With a potential strike looming, the first estimate for what it would cost to boost salaries for pre-K teachers who work in community centers has been put on the table: $438 million.

That’s what the Day Care Council of New York estimates it would cost over the next five years to bring pre-K teachers who work in community organizations on-par with their counterparts who work in public schools. The figure also includes an increase for center directors to make sure their pay keeps up at the same pace as the teachers they oversee.

It’s the first time an estimate has been made public and could be an opening salvo for negotiations. The Council represents nonprofit operators who rely mostly on city funding to run their programs.

“If you want a strong foundation for our youngest citizens in early education, you have to create a strong infrastructure,” said Andrea Anthony, head of the council. “And to have the professional staff to do that, and the support staff, you have to be willing to pay for it.”

The union, however, appeared ambivalent about the estimate, only commenting that that it does not include the cost to raise pay for all childcare workers.

“Parity should be inclusive of every category, from a certified teacher to a custodian,” District Council 1707 spokesman Jason Urgiles wrote in a text message.

Pre-K teachers who work in community organizations have threatened a single-day strike in May to demand higher pay, casting a harsh spotlight on Mayor Bill de Blasio’s signature political achievement at the same time he is considering a presidential bid.

The mayor has made free pre-K available for every 4-year-old in the city at breakneck speed, an accomplishment made possible by the very pre-K teachers now weighing a walk out. In order to serve so many children, the city relies on community organizations, which enroll almost 60 percent of the students in universal pre-K. The rest attend public schools.

Teachers employed in community centers have a starting salary around $42,000. Those employed by the education department, represented by the United Federation of Teachers, have salaries that start around $59,000. The yawning gap has made it a struggle to recruit and retain teachers, community operators say.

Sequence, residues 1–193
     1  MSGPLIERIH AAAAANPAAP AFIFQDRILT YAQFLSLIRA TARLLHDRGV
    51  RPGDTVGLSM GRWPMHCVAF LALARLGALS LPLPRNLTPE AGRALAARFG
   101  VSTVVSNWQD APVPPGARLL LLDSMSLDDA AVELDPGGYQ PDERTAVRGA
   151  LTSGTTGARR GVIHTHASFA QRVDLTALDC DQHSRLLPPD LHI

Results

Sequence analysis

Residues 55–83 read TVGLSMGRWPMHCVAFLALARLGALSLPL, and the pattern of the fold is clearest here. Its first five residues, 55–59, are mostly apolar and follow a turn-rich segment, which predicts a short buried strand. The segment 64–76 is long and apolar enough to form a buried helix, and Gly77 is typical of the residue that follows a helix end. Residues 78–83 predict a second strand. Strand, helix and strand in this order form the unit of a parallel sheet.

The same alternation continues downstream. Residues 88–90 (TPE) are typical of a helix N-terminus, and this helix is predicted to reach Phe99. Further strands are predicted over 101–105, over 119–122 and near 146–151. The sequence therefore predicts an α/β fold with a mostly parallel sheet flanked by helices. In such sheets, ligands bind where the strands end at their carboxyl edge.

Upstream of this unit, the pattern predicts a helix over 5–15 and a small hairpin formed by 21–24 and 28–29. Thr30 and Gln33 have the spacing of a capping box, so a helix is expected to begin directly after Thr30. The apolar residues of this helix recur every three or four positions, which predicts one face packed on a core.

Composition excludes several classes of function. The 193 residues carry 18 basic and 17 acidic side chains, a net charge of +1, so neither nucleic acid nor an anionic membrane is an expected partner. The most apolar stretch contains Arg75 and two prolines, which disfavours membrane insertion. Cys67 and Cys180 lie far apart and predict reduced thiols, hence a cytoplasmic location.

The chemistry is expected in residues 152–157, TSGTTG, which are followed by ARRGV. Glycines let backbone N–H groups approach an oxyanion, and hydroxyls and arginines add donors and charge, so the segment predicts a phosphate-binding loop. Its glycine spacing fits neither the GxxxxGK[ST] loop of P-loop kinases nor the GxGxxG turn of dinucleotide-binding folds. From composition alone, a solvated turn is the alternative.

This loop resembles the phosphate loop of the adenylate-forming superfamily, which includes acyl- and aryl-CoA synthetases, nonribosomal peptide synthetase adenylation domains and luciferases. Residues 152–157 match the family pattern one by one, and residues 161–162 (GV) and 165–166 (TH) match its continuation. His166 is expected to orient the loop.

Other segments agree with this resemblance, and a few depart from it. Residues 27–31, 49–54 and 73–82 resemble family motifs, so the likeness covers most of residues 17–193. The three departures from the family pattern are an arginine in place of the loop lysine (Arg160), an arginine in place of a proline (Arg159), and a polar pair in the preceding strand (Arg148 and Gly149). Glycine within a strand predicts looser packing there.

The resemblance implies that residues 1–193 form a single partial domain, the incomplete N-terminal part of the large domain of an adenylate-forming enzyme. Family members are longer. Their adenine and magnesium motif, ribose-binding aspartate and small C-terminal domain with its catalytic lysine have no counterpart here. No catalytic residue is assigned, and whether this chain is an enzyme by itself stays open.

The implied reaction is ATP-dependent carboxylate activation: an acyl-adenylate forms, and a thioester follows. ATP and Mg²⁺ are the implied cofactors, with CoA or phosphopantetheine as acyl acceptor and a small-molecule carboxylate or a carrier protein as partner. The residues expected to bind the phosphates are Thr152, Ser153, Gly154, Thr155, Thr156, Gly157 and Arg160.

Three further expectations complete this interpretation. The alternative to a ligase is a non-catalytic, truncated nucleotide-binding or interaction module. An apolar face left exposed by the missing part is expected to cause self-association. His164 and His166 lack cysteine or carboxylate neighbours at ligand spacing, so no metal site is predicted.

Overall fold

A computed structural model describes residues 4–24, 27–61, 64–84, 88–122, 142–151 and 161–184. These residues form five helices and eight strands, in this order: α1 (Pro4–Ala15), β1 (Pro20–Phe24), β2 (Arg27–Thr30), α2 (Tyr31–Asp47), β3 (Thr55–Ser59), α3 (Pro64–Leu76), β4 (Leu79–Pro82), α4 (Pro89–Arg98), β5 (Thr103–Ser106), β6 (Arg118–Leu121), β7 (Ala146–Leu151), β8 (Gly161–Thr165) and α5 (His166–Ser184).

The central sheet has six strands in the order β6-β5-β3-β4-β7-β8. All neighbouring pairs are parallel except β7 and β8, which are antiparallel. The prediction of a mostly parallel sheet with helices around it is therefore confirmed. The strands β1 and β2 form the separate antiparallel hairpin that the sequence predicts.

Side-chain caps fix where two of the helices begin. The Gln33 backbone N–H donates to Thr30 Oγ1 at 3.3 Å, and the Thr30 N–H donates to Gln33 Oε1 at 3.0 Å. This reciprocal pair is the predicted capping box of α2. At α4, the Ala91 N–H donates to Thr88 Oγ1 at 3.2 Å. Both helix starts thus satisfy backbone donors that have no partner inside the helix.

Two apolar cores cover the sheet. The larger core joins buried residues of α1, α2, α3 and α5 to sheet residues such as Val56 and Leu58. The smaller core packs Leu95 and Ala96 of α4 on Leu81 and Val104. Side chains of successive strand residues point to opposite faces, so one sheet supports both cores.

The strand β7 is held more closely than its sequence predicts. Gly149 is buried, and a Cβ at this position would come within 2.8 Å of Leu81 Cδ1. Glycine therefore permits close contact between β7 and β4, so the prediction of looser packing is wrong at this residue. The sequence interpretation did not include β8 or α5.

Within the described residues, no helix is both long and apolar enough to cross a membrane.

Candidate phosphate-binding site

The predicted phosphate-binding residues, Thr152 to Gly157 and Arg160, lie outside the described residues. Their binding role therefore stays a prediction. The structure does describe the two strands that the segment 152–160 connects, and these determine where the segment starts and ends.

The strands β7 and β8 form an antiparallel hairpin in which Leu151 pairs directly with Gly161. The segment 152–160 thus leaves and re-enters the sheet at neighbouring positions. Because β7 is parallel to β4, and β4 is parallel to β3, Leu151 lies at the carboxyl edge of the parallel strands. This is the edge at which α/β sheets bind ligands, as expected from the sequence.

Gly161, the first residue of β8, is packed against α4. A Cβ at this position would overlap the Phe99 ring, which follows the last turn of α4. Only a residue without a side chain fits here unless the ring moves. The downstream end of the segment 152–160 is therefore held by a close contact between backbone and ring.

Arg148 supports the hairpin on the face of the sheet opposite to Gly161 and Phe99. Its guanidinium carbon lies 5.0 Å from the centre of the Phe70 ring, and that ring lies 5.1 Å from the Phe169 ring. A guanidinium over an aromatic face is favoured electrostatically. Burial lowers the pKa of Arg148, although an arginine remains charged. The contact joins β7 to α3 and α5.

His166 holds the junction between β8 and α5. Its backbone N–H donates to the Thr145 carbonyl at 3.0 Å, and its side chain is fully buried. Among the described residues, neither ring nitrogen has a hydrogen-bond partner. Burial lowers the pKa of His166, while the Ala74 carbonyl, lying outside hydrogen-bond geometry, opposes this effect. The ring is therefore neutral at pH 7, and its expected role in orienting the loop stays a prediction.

The Day Care Council’s figure includes boosting pay only for certified teachers, which they estimate make up about 3,000 educators, or about half of those in the classroom. (Teachers can begin working at a community organization without certification while they earn their credentials, and operators say many of their teachers are on study plans because those with certification leave for the higher salaries offered at public schools.)

Also included in the estimate is a pay boost for center directors so those employees will continue to earn about 23 percent more than teachers, and an annual compounded 2.8 percent cost of living increase.

But these raises would not keep teachers totally on pace with the United Federation of Teachers, whose members are eligible for longevity pay that are not factored into the Council’s cost estimate.

Operators, teachers, and advocates say the time is ripe to move towards salary parity: The city has just released its latest round of contracts for early childhood education services, which providers are getting ready to bid on as part of a massive overhaul of how the city oversees care for its youngest residents. Advocates say now is the time to build additional funding into those contracts. The city is also in the midst of negotiating its budget, with the city council expected to soon unveil its response to the mayor’s proposals.

The city is projected to spend almost $900 million on universal pre-K next year, and the council’s estimate would add $83 million to that figure. Councilman Mark Treyger, head of the education committee, called the number “doable” and “reasonable” despite the fact that de Blasio has called for cuts amid anticipated reductions in income tax collections.  

“We have to get this right,” he said. “We cannot hold onto quality educators because of this parity problem, and it has a destabilizing effect for the instruction of children.”

The union has indicated it wants to see a bigger investment in its workforce. While DC 1707 has pushed for a salary increase for support staff as well — custodians, cooks, bookkeepers and the like — the council recommends putting that off until the next round of contract negotiations. The council also leaves assistant teachers out of the calculation.

It’s unclear how far the mayor might be willing to go in the negotiations, but in a Medium post published Friday afternoon, city spokeswoman Jaclyn Rothenberg suggested the city is weighing the potential for raises. 

“We agree that we must do better and improve the overall parity, since we want those community organizations to continue to grow and be able to provide support for two-year-olds and one-year-olds too,” she wrote. “There’s still more work to be done and we’re engaging them in that conversation.”